Sun Stand Still: What Happens When You Dare to Ask God for the Impossible by Steven Furtick Published by Multnomah Books
I’m not sure where to start with this review. My impressions are all over the map with this book; I like it, I hate it, I’m encouraged, I’m depressed, I wanted to quit reading it, I wanted to read “just one more chapter,” and those are just some of my reactions to it. I found it simple at times and profound at times, I found it condescendingly redundant at times and full of inspired repetition at others. Honestly, I still haven’t determined if I like it or loathe it. Perhaps that is the sign of a “good” book or a “stirring” read.
Let’s get some of the technical details out of the way. The book is about faith; faith in God, faith in life, faith in action, faith in purpose… Faith… Audacious Faith (remember that, you’ll hear it a lot). The book is not a difficult read and it’s not loaded with deep theology. The book is broken into twenty short chapters; helpful for those readers with short attention spans or for those readers who don’t have time to read for extended periods. The story is also filled with alliterated one-liner twitterific quotables; great for people who like those types of easy-to-remember inspiration snippets. There is also an equal portion of real-life testimony and personal experience to help support the message of audacious faith… I found the mixture of “cheese” and “classic” content to be almost equal portion. As I said, I have had a love/hate relationship with this book from the start to finish.
I realize that my review may seem a bit unfair or lacking grace, but that is not the case. I’m sharing my opinion and an honest impression from my read. I’m not a shill or a hater of Pastor Steven or Elevation Church. I’ve followed the history of Elevation since some of its earliest days of posting podcasts of its sermons. I’ve watched videos and followed the blogs of its ministry leaders. Two years ago, while on vacation, I specifically routed our travel so my family could visit Elevation Church and meet with some of its ministry leaders. I have used some of the model of Elevation’s ministry philosophy as example to my own church family. See, not a hater. I believe in the work Pastor Steven is doing and I believe in the work and ministry of Elevation Church. I simply believe there is a little more hype in the book than there is practiced reality. For instance, chapter thirteen “When the Sun Goes Down,” is a very balanced and real examination of “what about when you pray audaciously and the sun doesn’t stand still.” Personally, I think there could have been more than a single (and short) chapter devoted to this. Again, in fairness, Pastor Steven does give time to “the other side of the prayer coin” (what about when God says no or says nothing), but throughout most of the book this balance comes across as an embarrassed whisper… or at least it did to me.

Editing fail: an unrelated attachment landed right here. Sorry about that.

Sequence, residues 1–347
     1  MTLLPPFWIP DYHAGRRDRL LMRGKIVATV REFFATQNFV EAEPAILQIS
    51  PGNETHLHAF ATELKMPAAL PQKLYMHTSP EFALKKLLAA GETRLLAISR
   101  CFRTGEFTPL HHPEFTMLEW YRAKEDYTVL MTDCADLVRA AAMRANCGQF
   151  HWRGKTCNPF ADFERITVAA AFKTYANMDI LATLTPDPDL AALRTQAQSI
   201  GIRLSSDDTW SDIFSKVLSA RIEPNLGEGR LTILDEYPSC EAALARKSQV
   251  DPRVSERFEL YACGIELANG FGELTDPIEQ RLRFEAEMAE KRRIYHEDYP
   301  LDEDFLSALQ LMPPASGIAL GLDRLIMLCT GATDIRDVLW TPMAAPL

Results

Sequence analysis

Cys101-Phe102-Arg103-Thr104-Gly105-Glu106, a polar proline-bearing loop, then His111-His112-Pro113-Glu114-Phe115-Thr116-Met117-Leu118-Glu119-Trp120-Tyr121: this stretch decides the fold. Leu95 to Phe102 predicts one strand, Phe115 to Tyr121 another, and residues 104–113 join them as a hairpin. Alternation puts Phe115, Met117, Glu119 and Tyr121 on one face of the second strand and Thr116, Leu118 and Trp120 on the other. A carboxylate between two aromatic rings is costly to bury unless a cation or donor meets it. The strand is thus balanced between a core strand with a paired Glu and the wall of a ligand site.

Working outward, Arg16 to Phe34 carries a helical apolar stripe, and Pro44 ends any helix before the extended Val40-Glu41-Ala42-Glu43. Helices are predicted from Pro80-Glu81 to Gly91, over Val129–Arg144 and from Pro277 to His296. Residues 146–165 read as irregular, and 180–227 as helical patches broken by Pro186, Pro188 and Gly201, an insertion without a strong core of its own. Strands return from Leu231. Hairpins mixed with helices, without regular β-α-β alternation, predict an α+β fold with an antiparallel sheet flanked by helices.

In closing let me add, I’m living an audacious faith life. I’ve staked my entire being on following the Way of Jesus. I’ve left secure jobs (yes, more than one), and left comfortable ministry positions in order to pursue an outrageous dependency on God. I’m in a waiting-for-God to answer my audacious faith prayer even as I type out this review, so I give props to Steven Furtick for living and writing about Sun Stand Still type of faith. I’ve needed the inspiration, but could do without the cheese. Like I said, love it and hate it… you’ll have to be your own judge.
I received this book free from Multnomah Books as part of their book review bloggers program. I was not required to write a positive review. The opinions I have expressed are my own. I am disclosing this in accordance with the Federal Trade Commission’s 16 CFR, Part 255: “Guides Concerning the Use of Endorsements and Testimonials in Advertising.”